The Breastfeeding Corner

February is Heart Awareness Month. Although heart disease is sometimes thought of as a "man's disease", it is the leading cause of death for both men and women in the United States. Every year about 735,000 Americans have a heart attack, an estimated 610,000 people die of heart disease every year, that's about 1 in every 4 deaths. In 2010, African-Americans were 30% more likely to die from heart disease, as compared to non-Hispanic Whites. Disparities in income and education levels are associated with differences in the occurrence of illness and death, including heart disease.

is the most common type of heart disease in the United States. For some people, the first sign of CAD is a heart attack. CAD is caused by plaque buildup in the walls of the arteries that supply blood to the heart (called coronary arteries) and other parts of the body. Several other medical conditions and lifestyle choices can also put people at a higher risk for heart disease,
  1. High blood pressure and High LDL cholesterol
  2. Smoking, poor diet and excessive alcohol use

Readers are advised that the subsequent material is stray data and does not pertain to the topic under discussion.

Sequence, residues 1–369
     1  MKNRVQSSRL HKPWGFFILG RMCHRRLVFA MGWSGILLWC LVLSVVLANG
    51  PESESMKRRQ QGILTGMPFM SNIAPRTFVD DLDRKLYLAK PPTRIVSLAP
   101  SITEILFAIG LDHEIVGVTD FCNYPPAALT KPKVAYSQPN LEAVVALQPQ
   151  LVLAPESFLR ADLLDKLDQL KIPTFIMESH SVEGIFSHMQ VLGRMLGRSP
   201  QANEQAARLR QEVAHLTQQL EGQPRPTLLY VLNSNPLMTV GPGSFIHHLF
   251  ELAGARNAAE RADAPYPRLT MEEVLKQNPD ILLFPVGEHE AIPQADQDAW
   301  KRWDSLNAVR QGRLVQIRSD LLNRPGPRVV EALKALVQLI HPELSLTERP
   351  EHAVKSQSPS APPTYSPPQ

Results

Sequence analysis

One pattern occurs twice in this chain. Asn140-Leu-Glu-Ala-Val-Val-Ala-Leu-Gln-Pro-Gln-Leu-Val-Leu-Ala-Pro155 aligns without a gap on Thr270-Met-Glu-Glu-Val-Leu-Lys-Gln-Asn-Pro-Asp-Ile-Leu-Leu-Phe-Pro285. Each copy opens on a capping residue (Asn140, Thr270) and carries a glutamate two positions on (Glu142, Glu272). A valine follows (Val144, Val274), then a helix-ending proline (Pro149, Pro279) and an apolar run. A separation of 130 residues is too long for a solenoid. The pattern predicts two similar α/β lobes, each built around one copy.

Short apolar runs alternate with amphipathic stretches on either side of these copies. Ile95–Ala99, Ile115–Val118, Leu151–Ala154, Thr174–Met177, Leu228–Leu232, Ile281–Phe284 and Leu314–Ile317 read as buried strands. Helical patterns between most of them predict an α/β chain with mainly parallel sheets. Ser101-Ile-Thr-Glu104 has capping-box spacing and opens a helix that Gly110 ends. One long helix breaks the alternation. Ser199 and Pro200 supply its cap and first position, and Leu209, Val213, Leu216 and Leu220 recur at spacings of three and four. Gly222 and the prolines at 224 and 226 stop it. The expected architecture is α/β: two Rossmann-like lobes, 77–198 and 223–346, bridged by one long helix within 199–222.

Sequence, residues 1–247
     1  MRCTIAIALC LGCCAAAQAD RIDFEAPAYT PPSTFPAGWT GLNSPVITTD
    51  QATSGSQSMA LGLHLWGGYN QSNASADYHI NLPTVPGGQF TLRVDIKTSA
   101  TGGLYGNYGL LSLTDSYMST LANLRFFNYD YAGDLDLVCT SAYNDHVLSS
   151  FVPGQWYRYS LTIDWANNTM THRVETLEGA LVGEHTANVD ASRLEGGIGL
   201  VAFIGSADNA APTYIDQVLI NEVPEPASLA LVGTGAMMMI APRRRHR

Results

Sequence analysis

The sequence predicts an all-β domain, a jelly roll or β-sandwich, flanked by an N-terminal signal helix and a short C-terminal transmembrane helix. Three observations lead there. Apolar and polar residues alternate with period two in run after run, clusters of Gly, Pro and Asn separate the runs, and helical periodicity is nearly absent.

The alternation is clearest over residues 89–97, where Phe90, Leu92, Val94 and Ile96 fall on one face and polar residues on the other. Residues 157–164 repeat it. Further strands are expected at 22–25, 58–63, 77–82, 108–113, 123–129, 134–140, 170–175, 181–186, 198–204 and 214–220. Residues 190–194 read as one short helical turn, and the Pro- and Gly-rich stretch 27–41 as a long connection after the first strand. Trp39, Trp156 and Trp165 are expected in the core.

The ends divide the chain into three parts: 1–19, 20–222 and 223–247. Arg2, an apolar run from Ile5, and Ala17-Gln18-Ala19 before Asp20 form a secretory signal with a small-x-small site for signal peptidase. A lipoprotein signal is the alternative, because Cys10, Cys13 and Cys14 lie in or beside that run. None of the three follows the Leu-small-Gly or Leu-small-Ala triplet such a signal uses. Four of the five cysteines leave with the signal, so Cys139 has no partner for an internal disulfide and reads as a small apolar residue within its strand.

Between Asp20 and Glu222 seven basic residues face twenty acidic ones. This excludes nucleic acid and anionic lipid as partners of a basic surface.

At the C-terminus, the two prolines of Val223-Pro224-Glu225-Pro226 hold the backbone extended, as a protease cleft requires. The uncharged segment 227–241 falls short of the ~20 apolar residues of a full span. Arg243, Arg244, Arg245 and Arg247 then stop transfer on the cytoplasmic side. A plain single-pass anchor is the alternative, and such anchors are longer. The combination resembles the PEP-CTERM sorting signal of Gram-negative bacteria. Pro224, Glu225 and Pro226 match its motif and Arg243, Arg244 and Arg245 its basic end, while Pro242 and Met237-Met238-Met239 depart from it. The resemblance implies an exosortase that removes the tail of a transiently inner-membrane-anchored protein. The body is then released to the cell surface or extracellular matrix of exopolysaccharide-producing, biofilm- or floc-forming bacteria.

3. Overweight and physical inactivity
  4. Diabetes and obesity

The benefits of breastfeeding have been well documented and many women now know that it helps prevent both diabetes and obesity. However, women may not know that new data suggests breastfeeding also cuts a woman's risk of heart disease long after her infant has grown up. Pregnancy increases a woman's risk of heart disease, stroke, and diabetes. But breastfeeding cancels out this risk. The longer women nursed babies, the less likely they were to develop diabetes, heart disease, or stroke. If they breastfed for more than six months during their lifetime, they were less likely to have a heart attack or stroke. Women who breastfed for seven to 12 months reduced other risks, too, including high blood pressure, diabetes and high cholesterol - regardless of race, income, education and other socioeconomic factors.

A study at the University of Pittsburgh by Dr. Eleanor Schwarz, MD found for every 125 women who accumulate 12 months of breastfeeding, one case of heart disease would be prevented. Her study also showed that years after weaning their children, women who breastfeed for at least three months not only have fewer risk of chronic disease but also smaller waist circumference. A smaller waist may be a clue to how breastfeeding reduces a woman's risk to heart disease and stroke. Belly fat accumulation is probably another adverse effect of pregnancy that has the most important long-term health consequences for women. But this belly fat may be preferentially reduced by breastfeeding.

The American Academy of Pediatrics now recommends that women breastfeed for the sake of their children's health. Schwarz says it may be time to recommend breastfeeding for the women's own health.